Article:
I assume that the readers of this blog are lucid enough that they realize things have not exactly been going well.
It is no one thing; it is EVERY thing. It is mortality and decay and entropy and luck, and admitting when you CAN'T play today..
It is realism. Look, fans, I have written some good books, but I am unlikely to die rich. I would settle for out of debt. If Querencia and/ or Tiger Country/Only a Mountain haven't sold to Hollywood I doubt they will quickly enough to pay my bills, I am unlikely to write another of either.
I have decided that the Gila monster venom isn't working. It has been an enlightening experience, full of stumbles, pratfalls, and forced humility. God knows if old age isn't for sissies then sickness isn't for anyone who doesn't have a sense of humor. I'll have some details for those of you with a strong sense or humor and/or Buddho-Christian humility, but I warn you it is pretty coarse.
Re field sports. The big hawk had to go back to Bill Meeker. She was entirely too much bird for me. I had asked Bill for a 12 ounce Barbary tiercel, hand-raised. He generously responded by driving up a 34 ounce Gyr cross female, chamber-raised with an attitude. Not to mention that she was into four mile flights. Bill generously took her back after a few days, driving to pick her up from El Paso, and says that next year he will breed me a proper Barbary male. In the meantime, such falconry companions as Padre Pablo (Paul Moore) and Paul Domski have suggested that I should fly a Kestrel, Matt Mullenix style, out of my truck. As my apprentice, the nearly 80 year old Juan Gutierrez is recovering from multiple cancers, it is probably a good idea.
The Puppy also has many ideas and may be too much for me. Suffice to say for now that while she continues to be sweet and intelligent, she also continues to destroy every object that catches her fancy, and does not listen to a single thing I say, considering me to have the social status of a wounded puppy. She does listen to Libby.
(Guns: after selling off most of mine and attempting an ill-timed effort to crowdfund a last fine gun, two things happened: David Zincavage GAVE me an utterly Germanic sixteen, and John Besse came back from Idaho with two guns destined for me or my shelves at least -- one is an interesting hammer-12 from the 1870s with the exact dimensions of my .410; the other, a Parker ten, is probably too heavy for me to carry these days.)
I'm recovering from a double hernia operation plus various falls, and to be honest, I feel a lack of attention from my primary neurologist. I'm making changes in this. It seems time when one receives more information from a consulting clinic in Denver once than in years of therapy.
The richest veins of humor and humility lie in the hernia operation. They sort of tell you what will happen. What they don't tell you is the effect of gravity. That all your male parts will be swollen up to twice their natural size and purple as a grape is not in the information handout. That the condition will last five days and more, only is succeeded by itching is something you can find out for yourself. But the funniest thing is that all the rummaging around in your intestinal region that produces your fluid and makes you swollen and purple also stops peristalsis. When you realize you have not used a bathroom and are becoming inflated...well, let me repeat what I said to my sister Karen, who heartily agreed: "Old age leaves you nothing in the way of dignity except what's inherent. I used to be modest and reticent. Well, see your dignified older brother at Happy Hour with a vodka lying on his side in his bed, trying to concentrate on his New York Review of Books while a nurse of his acquaintance rummages around in his large intestine looking for a blockage. And failing that, gives him a dose of sodium citrate so strong that he dares not go more than 20 feet from the toilet for 24 hours."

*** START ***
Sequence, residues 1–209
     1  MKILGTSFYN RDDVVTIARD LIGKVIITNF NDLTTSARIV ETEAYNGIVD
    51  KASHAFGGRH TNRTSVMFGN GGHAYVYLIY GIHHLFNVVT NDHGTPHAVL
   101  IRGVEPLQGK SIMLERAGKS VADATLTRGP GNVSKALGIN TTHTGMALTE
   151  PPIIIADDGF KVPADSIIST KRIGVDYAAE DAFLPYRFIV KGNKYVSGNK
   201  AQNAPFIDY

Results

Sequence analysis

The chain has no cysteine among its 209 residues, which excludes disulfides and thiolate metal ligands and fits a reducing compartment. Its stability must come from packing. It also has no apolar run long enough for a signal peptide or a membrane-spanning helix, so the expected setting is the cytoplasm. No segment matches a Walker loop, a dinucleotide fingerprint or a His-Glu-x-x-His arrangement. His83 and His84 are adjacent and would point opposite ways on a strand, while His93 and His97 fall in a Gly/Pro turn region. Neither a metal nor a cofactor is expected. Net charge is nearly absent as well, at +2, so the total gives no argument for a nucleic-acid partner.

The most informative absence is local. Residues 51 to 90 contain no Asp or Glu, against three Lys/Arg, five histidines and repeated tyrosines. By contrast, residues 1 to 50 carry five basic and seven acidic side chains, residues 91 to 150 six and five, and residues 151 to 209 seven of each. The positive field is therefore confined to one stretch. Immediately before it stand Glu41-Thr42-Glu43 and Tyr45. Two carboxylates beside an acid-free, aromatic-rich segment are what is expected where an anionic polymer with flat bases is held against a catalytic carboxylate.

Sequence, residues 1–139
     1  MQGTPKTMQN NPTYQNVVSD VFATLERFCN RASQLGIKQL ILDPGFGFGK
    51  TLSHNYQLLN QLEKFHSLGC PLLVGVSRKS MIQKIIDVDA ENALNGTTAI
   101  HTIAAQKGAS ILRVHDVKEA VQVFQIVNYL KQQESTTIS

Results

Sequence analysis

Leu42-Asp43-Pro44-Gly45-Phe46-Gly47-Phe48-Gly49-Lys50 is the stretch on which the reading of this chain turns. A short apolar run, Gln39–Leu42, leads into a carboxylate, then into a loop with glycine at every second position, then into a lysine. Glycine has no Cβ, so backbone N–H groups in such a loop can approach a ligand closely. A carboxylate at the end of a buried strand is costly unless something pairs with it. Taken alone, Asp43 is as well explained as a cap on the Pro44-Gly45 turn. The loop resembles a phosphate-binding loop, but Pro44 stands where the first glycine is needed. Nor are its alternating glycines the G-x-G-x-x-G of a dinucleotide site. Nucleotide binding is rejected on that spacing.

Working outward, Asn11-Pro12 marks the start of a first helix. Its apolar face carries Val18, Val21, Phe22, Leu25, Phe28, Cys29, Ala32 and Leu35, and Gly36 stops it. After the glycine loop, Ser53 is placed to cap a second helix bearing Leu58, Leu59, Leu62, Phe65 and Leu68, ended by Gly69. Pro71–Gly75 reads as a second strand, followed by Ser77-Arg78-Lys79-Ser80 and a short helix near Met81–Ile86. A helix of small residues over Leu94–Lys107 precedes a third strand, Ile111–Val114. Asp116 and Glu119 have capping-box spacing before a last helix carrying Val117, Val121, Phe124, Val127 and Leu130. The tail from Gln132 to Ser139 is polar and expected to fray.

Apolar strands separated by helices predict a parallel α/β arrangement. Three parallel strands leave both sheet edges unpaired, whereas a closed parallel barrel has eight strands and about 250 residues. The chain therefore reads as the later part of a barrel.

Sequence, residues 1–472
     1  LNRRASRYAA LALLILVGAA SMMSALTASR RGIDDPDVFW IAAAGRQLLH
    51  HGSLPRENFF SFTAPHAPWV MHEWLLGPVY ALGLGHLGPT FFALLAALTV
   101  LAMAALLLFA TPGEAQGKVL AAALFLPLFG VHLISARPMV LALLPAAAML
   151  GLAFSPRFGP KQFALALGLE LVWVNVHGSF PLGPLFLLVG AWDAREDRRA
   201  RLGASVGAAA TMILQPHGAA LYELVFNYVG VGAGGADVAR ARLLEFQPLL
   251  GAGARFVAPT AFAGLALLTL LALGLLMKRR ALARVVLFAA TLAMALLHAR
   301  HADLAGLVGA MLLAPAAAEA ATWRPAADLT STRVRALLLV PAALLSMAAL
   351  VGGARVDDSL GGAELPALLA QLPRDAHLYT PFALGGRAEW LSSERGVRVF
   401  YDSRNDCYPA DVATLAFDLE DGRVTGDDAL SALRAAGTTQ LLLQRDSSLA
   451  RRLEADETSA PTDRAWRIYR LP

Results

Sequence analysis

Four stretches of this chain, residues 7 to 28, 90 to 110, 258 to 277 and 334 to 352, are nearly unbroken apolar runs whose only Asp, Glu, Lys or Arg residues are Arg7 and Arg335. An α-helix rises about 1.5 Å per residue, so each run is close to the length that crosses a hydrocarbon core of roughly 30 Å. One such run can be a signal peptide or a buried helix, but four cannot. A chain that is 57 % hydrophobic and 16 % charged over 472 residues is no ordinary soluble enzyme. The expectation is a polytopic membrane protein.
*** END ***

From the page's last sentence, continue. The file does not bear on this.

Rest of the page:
So here we are. Will the blog continue? If you wish, and as it can. I cannot devote my primary time to it, particularly as I can't type. Libby is typing this with much physical effort as my voice and her ears are not a good match for dictation, and dictation software has yet to prove itself to Parkinsonians. I have some more work but all work is extremely tiring right now. This may change as I adapt to my present meds, and may well change after Februrary and a new neurologist. A temporary neighbor has given me an interesting tip on a radical but rooted new therapy. Time will tell.
Meanwhile, FYI. The novel is at Penn and maybe one more place (Malcolm?). The Book of Books is apparently dead in the water at Lyons Press, as the previous Book of Books (Sportsman's Library) made no money and its one proponent is leaving Lyons. Perhaps Daniel on how to revive it as a crowdfunding project? A memoir of sorts seems unlikely to sell unless one one of the others did, which seems unlikely at the moment. The same thing -- sorry, Dutch -- for an anthology. Though I would do the Book of Books for you.
The most maddening prospect is the Passenger Pigeon project. I am more convinced than ever that I have the key to the phenomenon. But I have no agent, and the only people willing to do it are SkyHorse. I trust Jay Cassell there, as he put Hounds of Heaven right, but they can't give me enough money. Worse, the president of the company wants a new sample chapter and I haven't a clue what to say in it. I've never been so blocked. except intestinally. The trips I need to make to Wisconsin and Berkeley are both expensive and mildly intimidating but I'll do them if I can.
This is the point, along with many others, to put put in my inexpressible gratitude to Libby Frishman. She thinks she's grouchy. I maintain that not only is she not grouchy; her occasional temper means that she is accruing far more virtue by having to work for it than would be demonstrated by a blissed-out ninny.
|David's gun with 410|
|Bo & Lib|